First, let me start off by saying I love Roth IRAs. The younger you are the better Roth IRAs potentially look. The same goes for people who don’t need the money and would like to leave it to future generations. There are very few more effective options for transferring wealth. Roth IRA conversions are a hot topic right now because many investment accounts may be down this year due to the recent market declines. But like everything in life, there are downsides to every decision, and today we will explore what some of those downsides are.
Let’s start off be recapping what a Roth IRA is. A Roth IRA, unlike a traditional IRA, which gives you a tax deduction at the time of deposit, provides no tax break when you make the deposit, but grows tax deferred and can be accessed tax free in retirement. With a Roth IRA, there is no deduction upfront, but it’s tax free on the back end. A traditional IRA has an upfront tax break (subject to limits) but is taxable on the back end. The reason I love a Roth IRA for younger people is that while they are giving up the tax deduction today, the value of that deduction may be limited because typically the younger you are the less you earn and therefore the less you pay in taxes today anyway. So if I was 25 years old and made $40,000 per year, a traditional IRA contribution of $5,000 might save me $600 in a 12% tax bracket. If I put that money into a Roth IRA instead, while I may lose the $600 tax break today, all of the future value of approximately $157,000 (assuming a 9% annual return for 40 years) would be tax free. If you took that out in a lump sum at age 65, the taxes from the traditional IRA would most likely be a lot more than $600 regardless of where tax rates are in the future. Therefore, a Roth IRA can be such a great savings vehicle. The same goes for retirees who are in a low tax bracket and want to pass along money to heirs.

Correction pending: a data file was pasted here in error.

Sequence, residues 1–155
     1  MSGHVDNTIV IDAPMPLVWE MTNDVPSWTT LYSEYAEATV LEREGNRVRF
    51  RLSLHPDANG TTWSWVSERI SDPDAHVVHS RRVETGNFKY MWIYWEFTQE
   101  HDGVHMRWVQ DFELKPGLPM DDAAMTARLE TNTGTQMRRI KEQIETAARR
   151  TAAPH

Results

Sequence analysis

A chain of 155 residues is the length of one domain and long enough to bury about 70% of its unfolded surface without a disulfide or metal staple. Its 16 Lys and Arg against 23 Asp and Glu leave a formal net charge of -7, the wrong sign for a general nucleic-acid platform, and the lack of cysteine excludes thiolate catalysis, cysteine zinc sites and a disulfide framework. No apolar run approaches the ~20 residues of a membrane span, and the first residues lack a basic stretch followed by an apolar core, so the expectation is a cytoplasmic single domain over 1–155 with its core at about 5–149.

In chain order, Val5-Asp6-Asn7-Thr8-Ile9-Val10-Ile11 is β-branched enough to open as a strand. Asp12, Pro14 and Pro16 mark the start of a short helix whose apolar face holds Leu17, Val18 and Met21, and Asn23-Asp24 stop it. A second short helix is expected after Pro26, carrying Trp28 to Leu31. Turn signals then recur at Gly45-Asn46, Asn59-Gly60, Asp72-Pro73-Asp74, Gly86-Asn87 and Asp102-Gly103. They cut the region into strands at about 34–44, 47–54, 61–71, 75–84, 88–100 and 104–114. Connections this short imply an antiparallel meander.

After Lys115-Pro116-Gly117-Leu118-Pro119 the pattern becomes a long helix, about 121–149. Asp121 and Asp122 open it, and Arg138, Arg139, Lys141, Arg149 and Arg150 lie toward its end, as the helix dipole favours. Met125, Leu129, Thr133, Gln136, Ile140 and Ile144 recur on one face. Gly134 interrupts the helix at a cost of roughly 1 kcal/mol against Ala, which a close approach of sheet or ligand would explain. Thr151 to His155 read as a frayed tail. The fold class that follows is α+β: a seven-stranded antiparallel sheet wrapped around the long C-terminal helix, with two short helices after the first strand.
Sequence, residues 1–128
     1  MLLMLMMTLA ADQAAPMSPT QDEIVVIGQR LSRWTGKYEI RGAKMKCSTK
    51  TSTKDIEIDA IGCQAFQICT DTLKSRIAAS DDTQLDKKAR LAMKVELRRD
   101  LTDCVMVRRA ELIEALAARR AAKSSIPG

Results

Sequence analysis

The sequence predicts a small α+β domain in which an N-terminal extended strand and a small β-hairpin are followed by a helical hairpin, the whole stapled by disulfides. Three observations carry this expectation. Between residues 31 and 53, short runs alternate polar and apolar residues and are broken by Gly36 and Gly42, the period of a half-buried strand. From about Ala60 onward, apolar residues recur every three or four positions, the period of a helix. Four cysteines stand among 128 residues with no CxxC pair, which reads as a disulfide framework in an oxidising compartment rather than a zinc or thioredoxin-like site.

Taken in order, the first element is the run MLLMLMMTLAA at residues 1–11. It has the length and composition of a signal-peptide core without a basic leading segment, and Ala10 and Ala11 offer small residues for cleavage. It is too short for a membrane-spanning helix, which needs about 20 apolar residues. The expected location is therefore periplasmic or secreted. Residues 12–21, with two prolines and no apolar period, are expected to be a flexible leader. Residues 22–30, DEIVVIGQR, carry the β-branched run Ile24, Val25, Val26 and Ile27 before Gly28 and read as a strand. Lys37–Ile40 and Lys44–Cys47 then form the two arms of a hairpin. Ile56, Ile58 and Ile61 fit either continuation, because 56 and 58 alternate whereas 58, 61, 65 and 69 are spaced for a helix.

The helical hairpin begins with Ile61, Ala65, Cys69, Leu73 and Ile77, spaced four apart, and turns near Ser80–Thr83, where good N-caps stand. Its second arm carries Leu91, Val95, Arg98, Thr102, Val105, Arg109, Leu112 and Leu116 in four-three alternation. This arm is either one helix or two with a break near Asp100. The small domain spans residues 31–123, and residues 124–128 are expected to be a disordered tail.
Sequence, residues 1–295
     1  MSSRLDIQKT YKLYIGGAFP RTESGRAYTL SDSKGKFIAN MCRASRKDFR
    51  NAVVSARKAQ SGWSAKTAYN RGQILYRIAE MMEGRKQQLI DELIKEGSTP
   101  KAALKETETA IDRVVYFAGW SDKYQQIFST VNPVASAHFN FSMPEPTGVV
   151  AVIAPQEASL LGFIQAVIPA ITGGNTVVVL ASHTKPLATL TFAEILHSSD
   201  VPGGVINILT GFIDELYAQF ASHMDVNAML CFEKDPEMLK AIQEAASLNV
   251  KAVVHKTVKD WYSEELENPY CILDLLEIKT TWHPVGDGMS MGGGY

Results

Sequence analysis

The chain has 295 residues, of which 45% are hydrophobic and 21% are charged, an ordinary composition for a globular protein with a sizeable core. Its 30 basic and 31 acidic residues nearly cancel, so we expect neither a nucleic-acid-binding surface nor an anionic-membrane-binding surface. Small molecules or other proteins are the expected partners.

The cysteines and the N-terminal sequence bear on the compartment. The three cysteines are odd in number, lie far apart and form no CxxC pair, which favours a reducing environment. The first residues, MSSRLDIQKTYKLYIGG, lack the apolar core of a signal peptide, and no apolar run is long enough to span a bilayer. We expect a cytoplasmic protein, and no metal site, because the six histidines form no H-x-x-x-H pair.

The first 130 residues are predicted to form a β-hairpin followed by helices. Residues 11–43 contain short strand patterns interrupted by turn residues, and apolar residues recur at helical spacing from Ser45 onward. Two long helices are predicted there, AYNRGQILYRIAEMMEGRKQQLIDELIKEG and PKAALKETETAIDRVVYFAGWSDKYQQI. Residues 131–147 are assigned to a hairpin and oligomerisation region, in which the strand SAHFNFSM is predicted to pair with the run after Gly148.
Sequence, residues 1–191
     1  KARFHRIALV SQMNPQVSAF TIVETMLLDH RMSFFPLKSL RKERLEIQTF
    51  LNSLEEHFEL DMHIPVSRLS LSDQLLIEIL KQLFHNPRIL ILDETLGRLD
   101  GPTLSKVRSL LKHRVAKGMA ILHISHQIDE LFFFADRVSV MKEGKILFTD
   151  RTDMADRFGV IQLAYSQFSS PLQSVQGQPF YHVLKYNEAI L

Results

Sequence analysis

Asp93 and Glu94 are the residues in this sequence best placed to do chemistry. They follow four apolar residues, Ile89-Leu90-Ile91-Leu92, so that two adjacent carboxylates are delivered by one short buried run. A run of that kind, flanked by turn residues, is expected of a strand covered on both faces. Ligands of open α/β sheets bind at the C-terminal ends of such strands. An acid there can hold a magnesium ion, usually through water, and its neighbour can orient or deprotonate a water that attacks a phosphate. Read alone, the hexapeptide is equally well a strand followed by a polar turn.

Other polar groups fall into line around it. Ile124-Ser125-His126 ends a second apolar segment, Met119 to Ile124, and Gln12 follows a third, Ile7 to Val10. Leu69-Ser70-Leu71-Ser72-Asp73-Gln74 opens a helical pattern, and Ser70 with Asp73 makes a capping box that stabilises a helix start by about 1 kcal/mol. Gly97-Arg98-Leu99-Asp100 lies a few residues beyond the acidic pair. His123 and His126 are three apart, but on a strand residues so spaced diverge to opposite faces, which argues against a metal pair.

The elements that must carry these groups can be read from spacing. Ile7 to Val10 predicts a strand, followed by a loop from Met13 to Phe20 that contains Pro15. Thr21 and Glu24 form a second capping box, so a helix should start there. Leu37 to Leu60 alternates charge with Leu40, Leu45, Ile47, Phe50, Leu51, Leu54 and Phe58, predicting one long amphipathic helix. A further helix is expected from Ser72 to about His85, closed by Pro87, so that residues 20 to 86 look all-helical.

The IRS also allows you ro convert existing traditional IRAs to Roth IRAs provided you pay income taxes in the year of the conversion. People use this as a planning opportunity to use current low tax rates to shift assets that would otherwise be taxable to their heirs to a tax-free inheritance. While this can be a great planning option for transferring assets, it isn’t without issues.
One of the issues with Roth conversions today is that unlike a few years ago, once you elect to do a conversion, it cannot be undone. So if tax rates are lower in the future (however unlikely that might seem), or the value of the account that you are converting is lower due to market declines, once you elect to convert, it is permanent.
An often-overlooked issue with a Roth conversion is that the value of the converted assets may affect your capital gains tax rate. The tax rate you pay on capital gains is a function of your taxable income (currently 0 to 20%). If your income is low enough, you might not pay any taxes on your capital gains, but if you convert a large amount of traditional IRA assets to Roth IRA assets in a single tax year, that capital gains tax rate could go from 0% to 20% which could result in a lot of taxes you didn’t intend to pay. Worse, if you convert enough money, you could even trigger the 3.8% Medicare surtax, making your capital gains taxed as high as 23.8% from 0%. That is a huge cost that must be factored into your decision to convert a traditional IRA to a Roth IRA.
It is important to contact your tax advisor to do a detailed analysis of the tax effect of converting to a Roth IRA before you actually do the conversion. If you are contemplating a Roth IRA conversion and would like help figuring out if it’s truly right for you, feel free to reach out, and we can help you decide.
T. Eric Reich, CIMA, CFP, CLU, ChFC is president and founder of Reich Asset Management and can be reached at 609-486-5073 or email@example.com.
Securities offered through Kestra Investment Services, LLC (Kestra IS), member FINRA/SIPC. Investment advisory services offered through Kestra Advisory Services, LLC (Kestra AS), an affiliate of Kestra IS. Reich Asset Management, LLC is not affiliated with Kestra IS or Kestra AS. Neither Kestra IS nor Kestra AS provides legal or tax advice. The opinions expressed in this commentary are those of the author and may not necessarily reflect those held by Kestra Investment Services, LLC or Kestra Advisory Services, LLC.
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